The Joint Enablement Team was a larger team with Physiotherapists, Occupational Therapists, Nurse, Co-ordinators and 30 Carers who deliver the joint enablement.


Councillor Collins stated that good service improvements had been made.


Councillor Collins made reference to those National Key Performance Indicators that had gone down in the direction of travel and to ensure that the same services were being incorporated in each assessment. Tania Sitch that regular performance meetings  ...  view the full minutes text for item 48.


Thurrock First project - Overview and Recommendations pdf icon PDF 113 KB


Tania Sitch passionately introduced the report that described the creation of the “Thurrock First” single point of access for adult residents in Thurrock. Thurrock First was part of the Health and Adult Social Care Transformation Programme “For Thurrock in Thurrock”.


Thurrock First will be an integrated community physical and mental health and adult social care information, advice and assessment service which would be jointly delivered and funded by North East London Foundation Trust (NELFT), South Essex Partnership Trust (SEPT) and Thurrock Council. The service will be operationally co-ordinated by a manager who would be recruited by all three participating organisations.


The report described the Options considered and the steps being taken to develop the service and the service model with the proposed launch date of 1 June 2017.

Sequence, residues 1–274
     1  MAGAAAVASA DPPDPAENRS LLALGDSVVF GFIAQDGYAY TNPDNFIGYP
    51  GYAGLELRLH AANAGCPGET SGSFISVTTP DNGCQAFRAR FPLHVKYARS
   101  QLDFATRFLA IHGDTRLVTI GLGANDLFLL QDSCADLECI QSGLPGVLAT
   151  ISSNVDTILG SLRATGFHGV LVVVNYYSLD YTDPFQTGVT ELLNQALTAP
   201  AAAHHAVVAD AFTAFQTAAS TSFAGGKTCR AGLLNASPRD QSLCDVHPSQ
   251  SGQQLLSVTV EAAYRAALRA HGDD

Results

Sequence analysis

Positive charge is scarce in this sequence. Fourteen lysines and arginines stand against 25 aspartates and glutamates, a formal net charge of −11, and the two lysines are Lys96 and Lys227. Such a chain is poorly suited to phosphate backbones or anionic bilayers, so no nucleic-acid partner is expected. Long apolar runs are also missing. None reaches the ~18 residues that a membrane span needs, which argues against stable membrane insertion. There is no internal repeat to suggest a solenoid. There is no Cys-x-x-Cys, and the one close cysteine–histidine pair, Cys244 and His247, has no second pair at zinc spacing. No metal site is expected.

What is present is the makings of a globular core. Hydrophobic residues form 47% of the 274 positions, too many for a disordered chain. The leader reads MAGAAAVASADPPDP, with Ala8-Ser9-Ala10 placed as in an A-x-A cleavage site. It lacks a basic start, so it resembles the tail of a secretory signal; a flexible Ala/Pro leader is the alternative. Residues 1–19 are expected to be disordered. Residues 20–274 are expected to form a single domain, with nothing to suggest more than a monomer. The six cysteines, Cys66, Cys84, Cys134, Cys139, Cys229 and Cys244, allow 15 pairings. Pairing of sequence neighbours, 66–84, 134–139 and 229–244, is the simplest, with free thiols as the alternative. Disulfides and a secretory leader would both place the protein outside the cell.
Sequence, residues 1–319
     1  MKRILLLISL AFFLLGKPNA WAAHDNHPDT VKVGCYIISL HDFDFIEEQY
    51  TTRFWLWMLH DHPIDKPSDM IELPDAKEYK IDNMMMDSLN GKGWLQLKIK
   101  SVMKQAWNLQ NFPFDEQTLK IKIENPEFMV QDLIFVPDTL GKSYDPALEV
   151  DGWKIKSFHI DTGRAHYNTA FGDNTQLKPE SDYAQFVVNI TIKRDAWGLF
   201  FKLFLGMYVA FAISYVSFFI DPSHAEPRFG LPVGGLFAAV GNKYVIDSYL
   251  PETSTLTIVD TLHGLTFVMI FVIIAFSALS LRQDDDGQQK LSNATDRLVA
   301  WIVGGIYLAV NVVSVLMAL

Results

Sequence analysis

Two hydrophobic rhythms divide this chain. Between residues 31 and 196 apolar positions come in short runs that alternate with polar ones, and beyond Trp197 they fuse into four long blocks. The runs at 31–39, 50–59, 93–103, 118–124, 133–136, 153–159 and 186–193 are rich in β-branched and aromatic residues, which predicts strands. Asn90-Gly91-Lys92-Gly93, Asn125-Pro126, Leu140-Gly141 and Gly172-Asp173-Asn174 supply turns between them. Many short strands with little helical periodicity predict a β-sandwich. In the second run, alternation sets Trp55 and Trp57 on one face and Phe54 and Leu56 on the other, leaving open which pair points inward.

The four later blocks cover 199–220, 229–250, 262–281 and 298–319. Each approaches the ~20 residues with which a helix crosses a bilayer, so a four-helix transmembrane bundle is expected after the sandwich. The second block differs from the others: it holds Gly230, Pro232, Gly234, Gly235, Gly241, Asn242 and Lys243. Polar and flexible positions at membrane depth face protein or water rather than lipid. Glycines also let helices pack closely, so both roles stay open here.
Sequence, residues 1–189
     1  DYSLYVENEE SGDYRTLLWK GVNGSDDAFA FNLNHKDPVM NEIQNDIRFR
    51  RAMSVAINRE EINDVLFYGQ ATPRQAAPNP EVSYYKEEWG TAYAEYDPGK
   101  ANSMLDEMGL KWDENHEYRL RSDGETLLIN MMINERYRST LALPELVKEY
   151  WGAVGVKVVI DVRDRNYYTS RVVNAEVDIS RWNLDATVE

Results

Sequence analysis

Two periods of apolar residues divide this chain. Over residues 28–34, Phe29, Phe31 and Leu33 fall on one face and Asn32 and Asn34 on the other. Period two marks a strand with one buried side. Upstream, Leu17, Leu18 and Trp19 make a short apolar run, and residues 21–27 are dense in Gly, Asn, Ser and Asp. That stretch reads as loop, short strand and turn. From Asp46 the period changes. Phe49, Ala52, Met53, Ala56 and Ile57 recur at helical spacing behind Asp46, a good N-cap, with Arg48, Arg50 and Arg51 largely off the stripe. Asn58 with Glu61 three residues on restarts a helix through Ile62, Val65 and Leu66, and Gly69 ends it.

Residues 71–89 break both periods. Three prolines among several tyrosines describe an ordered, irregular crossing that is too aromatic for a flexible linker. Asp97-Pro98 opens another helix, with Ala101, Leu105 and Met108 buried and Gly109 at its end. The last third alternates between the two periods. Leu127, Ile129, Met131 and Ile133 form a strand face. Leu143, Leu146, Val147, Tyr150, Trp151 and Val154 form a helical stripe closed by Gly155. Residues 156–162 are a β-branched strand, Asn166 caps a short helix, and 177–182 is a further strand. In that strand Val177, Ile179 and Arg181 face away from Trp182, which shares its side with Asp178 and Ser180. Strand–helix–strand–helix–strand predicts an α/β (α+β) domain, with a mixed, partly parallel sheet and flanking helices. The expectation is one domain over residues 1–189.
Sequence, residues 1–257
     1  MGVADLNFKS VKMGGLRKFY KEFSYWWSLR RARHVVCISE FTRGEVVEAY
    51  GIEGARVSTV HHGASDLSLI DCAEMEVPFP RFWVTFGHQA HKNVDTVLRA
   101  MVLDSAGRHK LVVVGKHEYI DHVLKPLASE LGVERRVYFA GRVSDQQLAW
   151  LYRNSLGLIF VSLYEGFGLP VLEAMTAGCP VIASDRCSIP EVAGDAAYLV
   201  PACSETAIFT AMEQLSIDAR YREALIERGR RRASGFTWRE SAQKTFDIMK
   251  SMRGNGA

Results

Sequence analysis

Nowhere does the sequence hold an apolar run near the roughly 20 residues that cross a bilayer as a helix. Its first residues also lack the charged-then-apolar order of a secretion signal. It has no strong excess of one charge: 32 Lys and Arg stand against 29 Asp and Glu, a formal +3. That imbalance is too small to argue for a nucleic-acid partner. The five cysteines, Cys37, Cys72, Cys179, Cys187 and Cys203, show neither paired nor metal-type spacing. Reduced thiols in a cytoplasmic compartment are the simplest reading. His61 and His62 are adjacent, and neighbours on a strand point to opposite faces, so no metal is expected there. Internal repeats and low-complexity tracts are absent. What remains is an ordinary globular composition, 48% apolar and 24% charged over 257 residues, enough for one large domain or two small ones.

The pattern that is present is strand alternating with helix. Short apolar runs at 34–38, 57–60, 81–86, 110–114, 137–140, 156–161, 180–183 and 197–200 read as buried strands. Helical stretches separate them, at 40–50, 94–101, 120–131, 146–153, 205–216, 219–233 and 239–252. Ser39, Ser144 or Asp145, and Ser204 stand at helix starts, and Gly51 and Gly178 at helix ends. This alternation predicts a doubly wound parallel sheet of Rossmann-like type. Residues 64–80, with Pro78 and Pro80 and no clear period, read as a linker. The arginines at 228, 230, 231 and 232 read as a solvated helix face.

The direct contact telephone number advertised will be for Thurrock residents only and be manned by team members from Thurrock who would be knowledgeable of the local area and be able to assist first hand.


Councillor Snell congratulated Officers on the fantastic news and how this service would make a difference to Thurrock.


Councillor Watkins asked how this service would be communicated to all residents. Tania Sitch stated that a lot of work had already been undertaken with HealthWatch and that local social media, posters and hearsay would be used to promote this service.


Councillor Watkins asked how internal targets would be monitored. Tania Sitch stated the key performance indicators would be set amongst the three executives which would then be agreed with the commissioner and published. It was important that these targets captured the outcomes.


The Chair thanked all for their commitment to “Thurrock First” and requested that the item be added to the work programme for 2017/18.


Councillor Collins thanked Officers for their hard work and commitment.